Graduate students share research with their peers
As Danielle Parker described what it was like to attend the 2022 National Council of Teachers of English (NCTE) Convention in Anaheim, California, one word continued to rise above the rest.
“The entire experience was so rejuvenating for me,” she said. “It was a packed day. Every day. But it was so amazing to just sit and absorb. I came back feeling very thankful that I got to start sharing my research and I had the opportunity to share it in a space that felt so supportive.”
An enriching, three-day conference, NCTE offers access to nearly 700 sessions led by literacy educators, for literacy educators each year. Centered around the theme, !Suenos! Pursuing the Light, this year marked the first time since 2019 that the event was held in-person. While Parker, a second-year graduate student in the M.A. English education program at CSU, had attended NCTE virtually in 2020 and 2021, she was eager to form connections and build community with her peers face-to-face.
While presenting her research, “Queer Belonging in Education: A Conversation on Queerness in Teacher Preparation Programs,” at The Future is Now: Exploring 21st Century Teaching Ideas with the Next Generation of English Teachers session, Parker discussed how current gaps in college teacher preparation programs are impacting queer–identifying educators.
Pointing to a lack of visibility and representation in teacher preparation curriculum and limited support and resources for the queer community, Parker argued that these forms of erasure are ultimately fostering a sense of not belonging in the classroom among queer-identifying teachers. From there, she outlined how teacher preparation programs could combat this problem by creating queer-specific spaces and cultivating safe partnerships and mentorships.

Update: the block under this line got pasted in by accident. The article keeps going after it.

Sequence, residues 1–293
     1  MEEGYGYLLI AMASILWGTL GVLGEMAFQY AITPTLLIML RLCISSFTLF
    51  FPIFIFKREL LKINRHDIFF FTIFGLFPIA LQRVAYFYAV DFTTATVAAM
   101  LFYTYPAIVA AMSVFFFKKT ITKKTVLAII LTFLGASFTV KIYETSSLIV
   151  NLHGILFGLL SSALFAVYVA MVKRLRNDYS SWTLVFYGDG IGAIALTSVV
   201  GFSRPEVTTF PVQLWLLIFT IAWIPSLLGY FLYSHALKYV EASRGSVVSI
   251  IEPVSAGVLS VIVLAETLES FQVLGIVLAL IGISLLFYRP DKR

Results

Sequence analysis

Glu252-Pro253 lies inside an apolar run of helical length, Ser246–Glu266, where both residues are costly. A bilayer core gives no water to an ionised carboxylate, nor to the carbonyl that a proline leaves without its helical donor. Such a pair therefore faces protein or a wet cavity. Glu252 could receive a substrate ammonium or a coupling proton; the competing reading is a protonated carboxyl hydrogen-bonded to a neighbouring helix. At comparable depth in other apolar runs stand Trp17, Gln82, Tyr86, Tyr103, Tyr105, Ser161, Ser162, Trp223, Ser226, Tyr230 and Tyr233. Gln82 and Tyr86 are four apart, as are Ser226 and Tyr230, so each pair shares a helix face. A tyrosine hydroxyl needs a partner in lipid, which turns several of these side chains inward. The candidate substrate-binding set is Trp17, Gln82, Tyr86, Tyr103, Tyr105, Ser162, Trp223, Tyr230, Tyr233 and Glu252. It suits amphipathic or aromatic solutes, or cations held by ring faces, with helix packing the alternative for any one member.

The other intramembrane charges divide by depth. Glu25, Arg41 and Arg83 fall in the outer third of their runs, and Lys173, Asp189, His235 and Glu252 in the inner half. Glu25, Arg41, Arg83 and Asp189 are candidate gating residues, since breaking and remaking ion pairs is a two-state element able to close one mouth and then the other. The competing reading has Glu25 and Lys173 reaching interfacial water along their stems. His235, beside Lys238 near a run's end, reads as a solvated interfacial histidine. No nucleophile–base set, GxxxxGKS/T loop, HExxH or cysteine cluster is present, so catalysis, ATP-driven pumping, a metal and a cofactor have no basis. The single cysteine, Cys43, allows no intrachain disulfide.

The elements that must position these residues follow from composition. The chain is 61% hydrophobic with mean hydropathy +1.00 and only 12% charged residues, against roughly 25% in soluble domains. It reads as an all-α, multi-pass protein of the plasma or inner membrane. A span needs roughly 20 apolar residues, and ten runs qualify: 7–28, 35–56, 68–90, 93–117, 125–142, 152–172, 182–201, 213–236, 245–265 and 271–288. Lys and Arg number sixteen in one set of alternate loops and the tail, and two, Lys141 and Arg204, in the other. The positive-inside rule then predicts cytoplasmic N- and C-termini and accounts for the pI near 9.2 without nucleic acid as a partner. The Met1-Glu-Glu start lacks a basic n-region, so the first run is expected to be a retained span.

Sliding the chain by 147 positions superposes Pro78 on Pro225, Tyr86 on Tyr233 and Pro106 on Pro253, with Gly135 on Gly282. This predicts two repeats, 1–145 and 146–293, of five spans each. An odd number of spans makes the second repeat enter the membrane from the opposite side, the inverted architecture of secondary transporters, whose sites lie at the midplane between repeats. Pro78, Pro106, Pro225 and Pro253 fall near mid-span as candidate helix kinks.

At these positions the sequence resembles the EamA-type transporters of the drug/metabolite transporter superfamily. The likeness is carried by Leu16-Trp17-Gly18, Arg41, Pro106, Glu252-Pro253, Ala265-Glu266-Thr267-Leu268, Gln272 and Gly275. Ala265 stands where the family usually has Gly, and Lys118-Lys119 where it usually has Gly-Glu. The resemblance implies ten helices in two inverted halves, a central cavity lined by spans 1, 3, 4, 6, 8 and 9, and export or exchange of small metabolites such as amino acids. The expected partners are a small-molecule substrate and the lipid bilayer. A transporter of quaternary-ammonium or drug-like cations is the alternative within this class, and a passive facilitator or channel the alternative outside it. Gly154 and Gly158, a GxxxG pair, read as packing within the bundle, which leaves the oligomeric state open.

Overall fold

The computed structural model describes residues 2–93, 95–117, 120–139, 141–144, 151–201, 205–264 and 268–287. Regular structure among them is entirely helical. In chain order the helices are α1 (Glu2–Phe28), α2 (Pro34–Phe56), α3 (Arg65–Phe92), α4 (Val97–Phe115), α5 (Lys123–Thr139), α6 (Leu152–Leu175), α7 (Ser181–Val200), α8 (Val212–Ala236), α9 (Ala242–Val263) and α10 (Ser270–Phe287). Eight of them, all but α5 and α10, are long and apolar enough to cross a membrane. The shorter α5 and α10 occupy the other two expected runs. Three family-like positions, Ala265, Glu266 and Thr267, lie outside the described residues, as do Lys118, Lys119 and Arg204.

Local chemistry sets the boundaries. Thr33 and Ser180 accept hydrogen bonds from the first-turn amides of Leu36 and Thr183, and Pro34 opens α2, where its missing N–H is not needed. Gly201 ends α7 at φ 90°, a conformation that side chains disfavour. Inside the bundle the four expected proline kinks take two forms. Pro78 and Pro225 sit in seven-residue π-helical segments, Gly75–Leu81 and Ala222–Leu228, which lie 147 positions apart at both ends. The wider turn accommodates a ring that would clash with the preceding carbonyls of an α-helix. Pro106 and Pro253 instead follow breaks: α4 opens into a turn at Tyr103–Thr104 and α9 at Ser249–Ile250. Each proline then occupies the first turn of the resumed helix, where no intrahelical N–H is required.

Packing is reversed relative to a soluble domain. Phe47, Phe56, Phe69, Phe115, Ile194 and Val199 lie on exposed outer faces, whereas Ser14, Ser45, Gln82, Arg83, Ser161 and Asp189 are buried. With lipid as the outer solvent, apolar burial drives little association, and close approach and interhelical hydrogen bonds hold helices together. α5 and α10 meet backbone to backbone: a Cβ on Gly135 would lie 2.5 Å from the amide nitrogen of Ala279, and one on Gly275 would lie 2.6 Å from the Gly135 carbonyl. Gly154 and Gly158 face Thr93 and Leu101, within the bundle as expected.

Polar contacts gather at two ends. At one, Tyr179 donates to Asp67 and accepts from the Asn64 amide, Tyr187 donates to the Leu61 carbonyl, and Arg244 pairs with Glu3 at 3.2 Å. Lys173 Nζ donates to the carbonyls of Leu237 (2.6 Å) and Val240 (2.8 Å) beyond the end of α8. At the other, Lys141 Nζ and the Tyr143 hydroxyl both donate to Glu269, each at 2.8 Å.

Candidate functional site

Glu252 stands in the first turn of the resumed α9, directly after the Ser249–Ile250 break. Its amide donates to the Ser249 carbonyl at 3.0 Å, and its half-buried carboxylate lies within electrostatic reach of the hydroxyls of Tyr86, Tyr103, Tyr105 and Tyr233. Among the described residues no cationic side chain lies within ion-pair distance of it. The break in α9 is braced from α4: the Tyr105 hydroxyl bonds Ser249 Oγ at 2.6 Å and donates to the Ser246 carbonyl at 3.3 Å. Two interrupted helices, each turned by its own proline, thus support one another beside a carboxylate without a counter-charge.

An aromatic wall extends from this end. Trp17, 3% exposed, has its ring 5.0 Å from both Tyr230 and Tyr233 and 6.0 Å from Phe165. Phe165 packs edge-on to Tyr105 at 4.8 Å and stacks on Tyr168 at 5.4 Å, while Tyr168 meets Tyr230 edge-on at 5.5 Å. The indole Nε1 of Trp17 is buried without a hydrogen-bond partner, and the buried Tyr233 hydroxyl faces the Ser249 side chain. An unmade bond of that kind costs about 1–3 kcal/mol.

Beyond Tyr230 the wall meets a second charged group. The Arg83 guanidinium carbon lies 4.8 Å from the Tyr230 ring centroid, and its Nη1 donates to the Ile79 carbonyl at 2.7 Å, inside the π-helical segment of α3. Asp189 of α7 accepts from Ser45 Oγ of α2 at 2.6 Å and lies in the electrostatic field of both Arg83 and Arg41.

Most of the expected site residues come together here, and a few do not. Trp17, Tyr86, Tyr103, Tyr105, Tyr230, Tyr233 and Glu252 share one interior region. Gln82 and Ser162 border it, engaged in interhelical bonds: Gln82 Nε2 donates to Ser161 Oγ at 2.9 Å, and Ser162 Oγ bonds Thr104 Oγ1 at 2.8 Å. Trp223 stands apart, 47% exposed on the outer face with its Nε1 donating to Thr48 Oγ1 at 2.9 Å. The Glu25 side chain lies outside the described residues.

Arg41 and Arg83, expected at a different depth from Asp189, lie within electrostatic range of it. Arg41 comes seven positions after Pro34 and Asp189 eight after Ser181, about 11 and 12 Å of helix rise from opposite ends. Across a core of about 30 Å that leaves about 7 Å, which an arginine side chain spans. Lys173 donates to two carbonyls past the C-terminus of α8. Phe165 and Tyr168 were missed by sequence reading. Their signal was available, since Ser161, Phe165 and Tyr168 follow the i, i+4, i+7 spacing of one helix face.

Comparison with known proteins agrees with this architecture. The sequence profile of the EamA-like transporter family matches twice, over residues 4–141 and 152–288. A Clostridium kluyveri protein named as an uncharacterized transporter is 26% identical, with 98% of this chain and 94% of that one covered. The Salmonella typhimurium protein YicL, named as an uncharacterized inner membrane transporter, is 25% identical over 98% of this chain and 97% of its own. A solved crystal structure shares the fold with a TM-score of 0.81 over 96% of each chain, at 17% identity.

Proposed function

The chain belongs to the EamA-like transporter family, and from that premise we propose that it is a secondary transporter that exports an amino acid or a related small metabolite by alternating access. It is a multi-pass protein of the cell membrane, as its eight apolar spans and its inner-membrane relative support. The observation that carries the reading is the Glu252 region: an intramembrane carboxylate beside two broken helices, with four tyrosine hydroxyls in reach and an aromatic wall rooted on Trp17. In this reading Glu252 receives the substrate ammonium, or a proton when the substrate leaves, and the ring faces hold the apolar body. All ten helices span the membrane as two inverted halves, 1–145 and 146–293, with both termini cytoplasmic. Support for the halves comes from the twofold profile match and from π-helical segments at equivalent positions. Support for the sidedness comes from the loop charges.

The response she received was anything but exclusionary.
“Oh my gosh. At NCTE, I was able to connect with so many other queer-identifying educators who are doing a lot of the same work as me. It was really inspiring,” she said. “I’m excited to follow up with folks who are doing really cool things and keeping those lines of communication open.”
In addition to the networking and professional development opportunities that NCTE offered, Parker emphasized that one of her favorite parts of the convention was connecting with her own CSU colleague: first-year English Ed. graduate student Zero Marshall.
“It was Zero’s first time at NCTE too, so we went to a lot of sessions together. It was really cool to come back and talk with him about all the new practices and research we’d encountered, and having that time to catch up and debrief,” Parker said.
Marshall also presented during The Future Is Now panel on his research about supporting self-identity of neurodiverse students in the classroom.
In his research, Marshall discusses how educators can facilitate effective and productive self-identity of neurodiverse students by creating multi-modal content and processes, centering student experiences to explore genres, and incorporating nonverbal communication techniques while teaching.
“I’m really interested in how we can build communities that support our diverse students,” Marshall said. “Like, how can we implement effective pedagogies that support diverse students and make our classrooms more accessible?”
While taking E507: Current Professional Concerns in TESOL/Applied Linguistics: Decolonization and Related Topics with Dr. Fabiola Ehlers-Zavala during the fall semester, Marshall became inspired to consider how the language of decolonization could play a role in his own research.
“We worked through a lot of really interesting things in that class, and one thing that stuck with me is this idea of community—and how the role of the teacher could be more like a facilitator of communication than as a hierarchical leader with centralized power in the classroom,” he said.